We learn how Jodorowsky, a Chilean of Russian descent, founded the Panic Theatre after becoming disenchanted with Surrealism (Andre Breton disapproved of Jod’s massive porn collection); of the difficult circumstances under which he was obliged to make The Rainbow Thief (1990); and of his abortive big  screen adaptation of Dune, in which Salvador Dali would have played The Emperor, with an OST supplied by Magma and The Pink Floyd.

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When Jodorowsky does manage to get a fix on himself, he characterises himself as “not a mystic… I’m a gambler, somebody who plays games.” It’s disorientating and disarming to hear the man who made his name via films that are simply loaded with self-consciously metaphysical trappings, declaring categorically  “It’s all bollocks… enlightenment doesn’t exist!” This is, however, in tune with what happens in both El Topo and The Holy Mountain, in which protagonists ultimately renounce their self-seeking inner journeys in favour of taking action in the material world. Jodorowsky believes the world is sick (no shit!) and with characteristic modestly, the medicine he prescribes is viewings of his films! On a more practical and immediate level, we see him conducting one of his regular group therapy sessions, into which Mouchet is drawn from behind his camera and from which he seems to derive great benefit…. compelling stuff. Jodorowsky remains the magus / guru / charlatan / visionary / hyperbolic fantabulist / shaman / con man / contradiction that we always knew he was, but Mouchet establishes beyond doubt that effective method resides within the conspicuous madness of King Jod.

I could quibble over some of the other stuff on this set… OK, so finally we get to see Jod’s 1968 feature debut Fando Y Lis (an unsatisfying b/w dry run for El Topo) and, improbably, his 1957 mime-flavoured short La Cravate (which was previously believed lost) but I doubt that too many purchasers of this box will return for too many repeat viewings of those.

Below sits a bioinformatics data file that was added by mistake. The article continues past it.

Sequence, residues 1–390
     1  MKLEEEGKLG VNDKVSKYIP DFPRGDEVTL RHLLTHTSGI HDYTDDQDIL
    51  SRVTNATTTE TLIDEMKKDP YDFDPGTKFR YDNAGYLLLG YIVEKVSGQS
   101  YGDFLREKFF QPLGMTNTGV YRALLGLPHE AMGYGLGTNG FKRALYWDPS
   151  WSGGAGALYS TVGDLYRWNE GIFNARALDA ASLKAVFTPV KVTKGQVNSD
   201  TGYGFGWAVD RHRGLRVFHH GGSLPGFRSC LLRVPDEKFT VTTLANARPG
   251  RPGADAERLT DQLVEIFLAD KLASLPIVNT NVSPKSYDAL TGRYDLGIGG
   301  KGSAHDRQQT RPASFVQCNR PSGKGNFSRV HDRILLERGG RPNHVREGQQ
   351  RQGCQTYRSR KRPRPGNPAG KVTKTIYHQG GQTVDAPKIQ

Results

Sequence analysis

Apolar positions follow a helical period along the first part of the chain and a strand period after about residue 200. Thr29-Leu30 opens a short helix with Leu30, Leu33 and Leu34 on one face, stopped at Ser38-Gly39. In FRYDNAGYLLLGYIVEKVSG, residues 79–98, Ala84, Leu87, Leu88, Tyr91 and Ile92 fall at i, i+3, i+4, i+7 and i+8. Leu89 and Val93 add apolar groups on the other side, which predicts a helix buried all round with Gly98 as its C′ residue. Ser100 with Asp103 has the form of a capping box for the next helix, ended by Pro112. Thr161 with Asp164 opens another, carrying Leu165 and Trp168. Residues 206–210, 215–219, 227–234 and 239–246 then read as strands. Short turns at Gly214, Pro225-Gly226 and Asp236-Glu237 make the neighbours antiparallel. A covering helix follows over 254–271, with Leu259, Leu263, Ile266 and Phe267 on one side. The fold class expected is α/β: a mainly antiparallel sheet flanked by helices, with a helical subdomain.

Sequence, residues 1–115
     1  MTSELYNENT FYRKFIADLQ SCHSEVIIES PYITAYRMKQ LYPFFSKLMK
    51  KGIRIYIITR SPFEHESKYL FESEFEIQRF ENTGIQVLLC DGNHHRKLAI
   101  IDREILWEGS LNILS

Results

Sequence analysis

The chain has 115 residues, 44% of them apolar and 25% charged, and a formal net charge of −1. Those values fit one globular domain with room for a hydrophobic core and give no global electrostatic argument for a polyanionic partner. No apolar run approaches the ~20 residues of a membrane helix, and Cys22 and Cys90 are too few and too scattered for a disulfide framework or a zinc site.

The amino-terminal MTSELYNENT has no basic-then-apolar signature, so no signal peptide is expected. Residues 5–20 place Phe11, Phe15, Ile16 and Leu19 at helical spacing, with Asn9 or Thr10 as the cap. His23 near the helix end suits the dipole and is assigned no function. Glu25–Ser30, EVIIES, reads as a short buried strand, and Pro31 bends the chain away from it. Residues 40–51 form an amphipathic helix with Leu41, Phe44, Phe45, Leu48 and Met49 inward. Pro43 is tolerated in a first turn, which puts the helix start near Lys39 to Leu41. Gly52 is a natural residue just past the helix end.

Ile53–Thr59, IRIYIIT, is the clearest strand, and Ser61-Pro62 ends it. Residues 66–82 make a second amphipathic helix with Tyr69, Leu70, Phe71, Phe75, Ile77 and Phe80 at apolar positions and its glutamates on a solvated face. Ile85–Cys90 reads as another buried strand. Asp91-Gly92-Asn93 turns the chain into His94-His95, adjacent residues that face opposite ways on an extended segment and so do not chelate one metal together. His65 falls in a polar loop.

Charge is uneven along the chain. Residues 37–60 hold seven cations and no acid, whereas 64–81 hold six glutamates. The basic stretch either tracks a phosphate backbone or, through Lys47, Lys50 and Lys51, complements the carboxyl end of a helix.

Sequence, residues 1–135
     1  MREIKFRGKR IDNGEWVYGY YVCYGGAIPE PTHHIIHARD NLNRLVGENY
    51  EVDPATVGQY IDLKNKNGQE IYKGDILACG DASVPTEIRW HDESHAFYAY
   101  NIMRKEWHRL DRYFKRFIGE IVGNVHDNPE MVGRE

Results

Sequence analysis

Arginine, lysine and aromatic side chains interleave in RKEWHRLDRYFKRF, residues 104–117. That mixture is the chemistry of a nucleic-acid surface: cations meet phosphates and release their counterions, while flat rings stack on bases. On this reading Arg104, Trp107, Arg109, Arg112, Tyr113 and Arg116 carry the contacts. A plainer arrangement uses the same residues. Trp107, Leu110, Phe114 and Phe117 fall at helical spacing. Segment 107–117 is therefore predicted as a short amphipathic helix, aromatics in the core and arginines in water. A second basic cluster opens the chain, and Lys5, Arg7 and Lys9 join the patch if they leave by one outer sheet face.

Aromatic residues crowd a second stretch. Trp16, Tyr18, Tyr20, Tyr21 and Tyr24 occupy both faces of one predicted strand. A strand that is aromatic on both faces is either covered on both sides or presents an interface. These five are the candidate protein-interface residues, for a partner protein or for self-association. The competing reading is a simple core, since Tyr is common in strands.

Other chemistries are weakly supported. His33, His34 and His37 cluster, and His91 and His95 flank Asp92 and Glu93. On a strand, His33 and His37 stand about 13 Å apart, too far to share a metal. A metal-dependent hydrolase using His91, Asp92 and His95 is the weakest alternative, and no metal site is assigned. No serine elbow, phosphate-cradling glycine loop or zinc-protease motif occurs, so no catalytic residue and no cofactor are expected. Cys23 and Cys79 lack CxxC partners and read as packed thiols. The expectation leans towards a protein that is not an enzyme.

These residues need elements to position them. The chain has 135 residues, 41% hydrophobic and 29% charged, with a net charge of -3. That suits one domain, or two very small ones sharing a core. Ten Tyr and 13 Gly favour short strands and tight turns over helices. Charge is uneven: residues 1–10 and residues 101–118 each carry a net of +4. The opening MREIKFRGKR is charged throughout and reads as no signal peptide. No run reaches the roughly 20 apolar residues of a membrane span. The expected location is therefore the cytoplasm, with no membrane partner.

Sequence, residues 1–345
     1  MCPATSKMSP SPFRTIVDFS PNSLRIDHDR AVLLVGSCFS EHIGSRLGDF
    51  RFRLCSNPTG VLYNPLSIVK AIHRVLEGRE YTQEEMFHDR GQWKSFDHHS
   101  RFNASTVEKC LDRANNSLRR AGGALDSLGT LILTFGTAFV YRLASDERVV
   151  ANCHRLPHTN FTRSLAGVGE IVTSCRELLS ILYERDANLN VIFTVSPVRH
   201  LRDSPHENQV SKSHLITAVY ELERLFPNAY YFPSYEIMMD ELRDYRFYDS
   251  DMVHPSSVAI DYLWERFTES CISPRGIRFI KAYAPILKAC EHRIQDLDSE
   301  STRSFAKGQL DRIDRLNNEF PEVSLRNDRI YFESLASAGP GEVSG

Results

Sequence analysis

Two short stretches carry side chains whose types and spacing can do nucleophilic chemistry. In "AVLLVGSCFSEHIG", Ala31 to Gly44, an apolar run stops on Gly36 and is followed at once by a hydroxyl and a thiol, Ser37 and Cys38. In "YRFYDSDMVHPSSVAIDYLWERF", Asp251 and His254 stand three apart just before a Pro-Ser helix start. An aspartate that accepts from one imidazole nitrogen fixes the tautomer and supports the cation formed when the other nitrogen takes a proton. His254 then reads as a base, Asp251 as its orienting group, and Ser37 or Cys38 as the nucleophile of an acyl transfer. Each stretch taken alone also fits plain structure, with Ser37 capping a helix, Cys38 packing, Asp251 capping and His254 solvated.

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One third of the box is taken up with soundtrack CDs of El Topo and The Holy mountain, guaranteed to clear any dance floor between here and Santiago. Ideally, those could have been jettisoned in favour of a definitive edition of Santa Sangre (1989) and any edition at all of  The Rainbow Thief, which at the time this box was released seemed to have disappeared off the face of the Earth. Still, that’s just my opinion, and as Jodorowsky insists: “Everybody shits faeces and opinions… you must ignore them” (note to the reader: Don’t, under any circumstances, ignore my opinions, alright?) As well as the R1 box reviewed here, there’s an identical R2 set from Tartan which boasts nicer packaging but, due to the vagaries of internet shopping,  would actually have cost me significantly more than the Anchor Bay version.

The Sons Of El Topo has been announced as many times as the closing instalment in Dario Argento’s Three Mothers trilogy. When this box first emerged, Jodorowsky’s next announced, believe-it-when-you-see-it project was King Shot, which would have starred (gulp!) David Hess and Marilyn Manson, whose wedding to Dita Von Teese was apparently conducted by the reverend Jod himself (and turns out to have been as ill-starred as most of his pictures.) Still crazy after all these years, Jodorowsky’s most recent completed feature, Endless Poetry, drew predictable rave reviews at Cannes earlier this year.

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The Night Evelyn Came Back In A Pawn Film: Arrow’s KILLER DAMES Box Reviewed

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Blu-ray / DVD combi edition. Regions A&B / 1&2. Arrow. 18.

Arrow’s tasty “Killer Dames” limited edition box set collates a giallo brace from the  elusive Emilio P. Miraglia… 1971’s The Night Evelyn Came Out Of The Grave and the following year’s The Red Queen Kills 7 Times. The mysterious Miraglia never returned to the Italian whodunnit genre thereafter… indeed, he managed only one more movie, the spagwest Joe Dakota (1972) before concluding a directorial career that had begun five scant years previously, after an apprenticeship that included assisting Carlo Lizzani, Steno and a certain Lucio Fulci. In both of the films under consideration here he cross fertilises familiar giallo tropes (high fashion, slick “modern” settings and the louche lifestyles of affluent swingers) with elements from the earlier Italian gothique cycle (cobwebbed castles and dank dungeons, inheritances and family curses, closeted mad characters, bats in the belfry and ghosts.) Incorporating any kind of supernatural element can be the kiss of death for a giallo… see, for instance (come to think of it, don’t bother) Mario Colucci’s Something Creeping In The Dark (1971) or Giuseppe Bennati’s The Killer Reserved 9 Seats (1974)… though Antonio Margheriti’s Seven Deaths In The Cat’s Eye, (1973) just about pulls it off. Thankfully Miraglia handles his ghoulies with similar aplomb and also packs Evelyn with lashings of the old ultra-violence and kinky sex a-g0-go… hardly surprising when you consider that writer Massimo Felisatti later penned Andrea Binachi’s deliciously grubby Edwige Fenech vehicle Strip Nude For Your Killer (1975.)